Don’t even think of sneering or rolling your eyes. If you, or anyone in your family, has the internal fortitude to turn up a nose at a platter of darling little hot dogs snuggled into their flaky little dough pashminas, then you are more evolved than anyone in my family. If, however, like most every other mortal on this earth, your heart beats a little faster when you get a glimpse of these happy little morsels, and you lose your ability to concentrate on…oh, look, there’s a butterfly. And here’s a sexist comment, I guess, but I’m willing to own it. Men, in particular, get a euphoric glazed look when pigs in a blanket make an appearance. I’ll leave it to the social anthropologists to determine why this is.
Making pigs in a blanket is not rocket science, nor innovative cuisine, nor health food. (Watch out for those nitrites and sulfites and sodium.) If you want to gild the lily a bit, shove a few slivers of cheese into a slit made down the middle of each hot dog (being careful not to cut all the way through) before rolling them up in the puff pastry. Make more than you think you’ll need and serve these babies with spicy brown mustard and ketchup. Maybe honey mustard. Save the Dijon for another day.–Katie Workman
LC This Little Piggy Note
This little piggy went to market, this little piggy stayed at home, this little piggy had…hot dogs wrapped in puff pastry? This rendition of the classic swaps puff pastry for a slice of Wonder Bread, lending the piggies a little pomp. And why not? Lil’ smokies also work well if you can’t quite bring yourself to do the hot dog thing. We’ve also considered slicing an artisanal salume, such as cacciatorini, and swapping it for hot doggies, just to lend the last-minute crowd-pleaser a little, uh, respectability. Whatever your preference, embrace it. What’s most critical here is that you make peace with whichever rendition moves you to squeal in happiness rather than have none.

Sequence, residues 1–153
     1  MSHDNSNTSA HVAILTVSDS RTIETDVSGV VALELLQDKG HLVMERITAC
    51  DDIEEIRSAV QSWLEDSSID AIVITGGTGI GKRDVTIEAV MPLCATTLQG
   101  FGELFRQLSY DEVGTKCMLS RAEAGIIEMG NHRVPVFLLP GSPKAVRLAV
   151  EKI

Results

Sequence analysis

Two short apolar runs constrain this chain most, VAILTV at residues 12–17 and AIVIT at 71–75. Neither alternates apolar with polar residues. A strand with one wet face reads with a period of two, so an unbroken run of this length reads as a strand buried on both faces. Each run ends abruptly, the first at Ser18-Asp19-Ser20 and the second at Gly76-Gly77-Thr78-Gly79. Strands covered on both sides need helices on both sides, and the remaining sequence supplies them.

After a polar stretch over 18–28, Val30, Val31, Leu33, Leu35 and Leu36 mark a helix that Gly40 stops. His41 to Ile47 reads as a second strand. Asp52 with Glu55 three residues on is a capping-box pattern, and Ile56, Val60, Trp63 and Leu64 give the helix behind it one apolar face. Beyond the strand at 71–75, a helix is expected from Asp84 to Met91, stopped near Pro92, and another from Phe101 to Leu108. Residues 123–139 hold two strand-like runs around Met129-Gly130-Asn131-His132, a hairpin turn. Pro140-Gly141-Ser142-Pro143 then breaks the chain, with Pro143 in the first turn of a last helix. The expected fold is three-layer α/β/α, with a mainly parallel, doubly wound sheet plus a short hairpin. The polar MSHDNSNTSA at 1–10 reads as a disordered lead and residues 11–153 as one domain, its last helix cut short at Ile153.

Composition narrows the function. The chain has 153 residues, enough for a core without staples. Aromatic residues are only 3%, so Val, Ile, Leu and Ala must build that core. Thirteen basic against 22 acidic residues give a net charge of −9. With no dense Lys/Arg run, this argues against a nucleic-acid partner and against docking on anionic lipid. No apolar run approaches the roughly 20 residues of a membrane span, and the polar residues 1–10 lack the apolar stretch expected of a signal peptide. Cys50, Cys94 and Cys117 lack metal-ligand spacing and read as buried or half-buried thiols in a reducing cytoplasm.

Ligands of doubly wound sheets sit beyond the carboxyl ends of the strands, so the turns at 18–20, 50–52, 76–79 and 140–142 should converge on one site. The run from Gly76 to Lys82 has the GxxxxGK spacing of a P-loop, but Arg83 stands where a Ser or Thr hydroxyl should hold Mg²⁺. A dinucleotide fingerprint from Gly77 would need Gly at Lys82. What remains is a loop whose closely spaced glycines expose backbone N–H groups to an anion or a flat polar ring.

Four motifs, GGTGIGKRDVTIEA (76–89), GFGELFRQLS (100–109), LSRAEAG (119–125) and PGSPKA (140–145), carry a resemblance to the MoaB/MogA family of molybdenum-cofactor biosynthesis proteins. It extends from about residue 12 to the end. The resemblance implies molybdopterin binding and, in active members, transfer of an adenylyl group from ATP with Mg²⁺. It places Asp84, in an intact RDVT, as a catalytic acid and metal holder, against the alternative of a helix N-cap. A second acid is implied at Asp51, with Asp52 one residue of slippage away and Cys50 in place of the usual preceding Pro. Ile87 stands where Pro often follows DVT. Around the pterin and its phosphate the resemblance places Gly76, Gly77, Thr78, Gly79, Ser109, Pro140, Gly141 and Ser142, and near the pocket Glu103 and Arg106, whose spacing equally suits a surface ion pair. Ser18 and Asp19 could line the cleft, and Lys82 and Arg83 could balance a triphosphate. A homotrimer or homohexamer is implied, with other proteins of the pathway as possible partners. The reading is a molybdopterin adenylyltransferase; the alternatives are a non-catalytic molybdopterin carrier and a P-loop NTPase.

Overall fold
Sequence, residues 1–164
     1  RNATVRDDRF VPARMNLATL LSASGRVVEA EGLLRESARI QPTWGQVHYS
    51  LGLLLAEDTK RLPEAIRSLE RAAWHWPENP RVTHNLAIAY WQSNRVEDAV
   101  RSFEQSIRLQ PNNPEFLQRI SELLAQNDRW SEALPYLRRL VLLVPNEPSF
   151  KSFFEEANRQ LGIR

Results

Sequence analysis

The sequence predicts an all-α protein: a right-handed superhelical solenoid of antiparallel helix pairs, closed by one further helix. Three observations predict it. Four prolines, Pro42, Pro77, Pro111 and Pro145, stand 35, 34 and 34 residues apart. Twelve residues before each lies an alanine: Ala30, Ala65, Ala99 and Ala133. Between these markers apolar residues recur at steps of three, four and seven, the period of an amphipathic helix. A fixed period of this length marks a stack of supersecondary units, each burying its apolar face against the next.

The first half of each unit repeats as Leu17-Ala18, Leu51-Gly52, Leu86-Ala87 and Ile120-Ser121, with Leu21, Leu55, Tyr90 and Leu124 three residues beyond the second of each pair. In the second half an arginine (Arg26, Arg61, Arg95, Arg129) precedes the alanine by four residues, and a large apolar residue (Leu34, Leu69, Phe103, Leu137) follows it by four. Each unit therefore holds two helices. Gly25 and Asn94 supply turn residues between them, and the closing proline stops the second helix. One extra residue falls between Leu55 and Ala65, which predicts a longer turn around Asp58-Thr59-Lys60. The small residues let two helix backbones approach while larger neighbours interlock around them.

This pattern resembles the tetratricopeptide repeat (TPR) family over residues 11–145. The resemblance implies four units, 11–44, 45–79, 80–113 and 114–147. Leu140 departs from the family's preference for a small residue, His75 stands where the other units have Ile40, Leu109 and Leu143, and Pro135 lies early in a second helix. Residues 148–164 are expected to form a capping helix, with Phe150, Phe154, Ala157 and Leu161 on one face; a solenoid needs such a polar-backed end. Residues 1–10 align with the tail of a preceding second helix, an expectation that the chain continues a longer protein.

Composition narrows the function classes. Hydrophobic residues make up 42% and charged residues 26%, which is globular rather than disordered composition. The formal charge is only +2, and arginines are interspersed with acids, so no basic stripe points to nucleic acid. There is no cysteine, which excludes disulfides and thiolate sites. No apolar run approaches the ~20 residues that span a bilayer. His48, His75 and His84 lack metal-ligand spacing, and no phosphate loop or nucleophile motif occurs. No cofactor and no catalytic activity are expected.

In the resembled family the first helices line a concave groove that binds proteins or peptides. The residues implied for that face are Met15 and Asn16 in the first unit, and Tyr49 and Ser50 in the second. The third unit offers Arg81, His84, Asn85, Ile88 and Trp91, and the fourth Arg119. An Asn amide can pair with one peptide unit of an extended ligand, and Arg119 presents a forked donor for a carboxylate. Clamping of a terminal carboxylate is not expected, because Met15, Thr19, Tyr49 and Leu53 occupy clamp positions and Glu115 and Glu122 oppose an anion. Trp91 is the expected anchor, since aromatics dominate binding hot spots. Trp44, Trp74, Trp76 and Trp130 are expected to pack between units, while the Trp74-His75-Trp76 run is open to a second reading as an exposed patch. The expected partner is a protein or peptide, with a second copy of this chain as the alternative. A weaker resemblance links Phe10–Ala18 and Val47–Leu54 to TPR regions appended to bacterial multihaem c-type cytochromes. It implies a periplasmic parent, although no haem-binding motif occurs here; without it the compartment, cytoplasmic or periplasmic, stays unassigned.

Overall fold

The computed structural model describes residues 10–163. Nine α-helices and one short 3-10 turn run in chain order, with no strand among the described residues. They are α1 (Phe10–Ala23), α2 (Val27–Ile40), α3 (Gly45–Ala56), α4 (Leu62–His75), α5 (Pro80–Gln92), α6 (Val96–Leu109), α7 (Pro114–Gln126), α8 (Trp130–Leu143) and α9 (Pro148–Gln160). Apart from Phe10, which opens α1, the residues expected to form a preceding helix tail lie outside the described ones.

Pigs in a Blanket Recipe
- Quick Glance
- 20 M
- 40 M
- Makes about 30
- About 3 tablespoons all-purpose flour, for rolling out the pastry
- 1 sheet frozen puff pastry (half a 17-ounce or so package), thawed
- 1 large egg
- 2 teaspoons cold water
- 1 pound (about 30) mini hot dogs or little smoked sausage links
- Poppy seeds, sesame seeds, or finely grated Parmigiano-Reggiano (optional)
- Spicy brown mustard
- 1. Preheat the oven to 400°F (204°C). Line a baking sheet with parchment paper.
- 2. Lightly flour the work surface and place the thawed puff pastry on the flour. (Most puff pastry sheets come folded in thirds, which can be very helpful as you want to cut it along the seams or, if there are no seams, cut the sheet crosswise into 3 equal strips.) Using a rolling pin, roll each piece of pastry until it is a little thinner, trying to maintain the squared off lines of the rectangle. Cut each piece of puff pastry into strips about 1 inch by 3 inches.
- 3. Beat the egg and water in a small bowl.
- 4. Place a wee hot dog or sausage on the narrow end of 1 puff pastry strip. Roll it up, pressing on the puff pastry so that it seals itself. Place the pig in a blanket on the prepared baking sheet, seam-side down. Repeat with the remaining hot dogs and puff pastry strips, arranging the pigs in blankets on the baking sheet at least 1 inch apart.
- 5. Brush the top of the pigs in blankets with the egg wash and, if desired, sprinkle with the seeds or cheese. At this point it is helpful (but not necessary) to place the baking sheet in the fridge for 15 to 30 minutes so that the pastry will puff up more when it bakes.
- 6. Bake the pigs in blankets until they’re puffed and golden brown, about 20 minutes. Let cool briefly before serving with mustard and ketchup.
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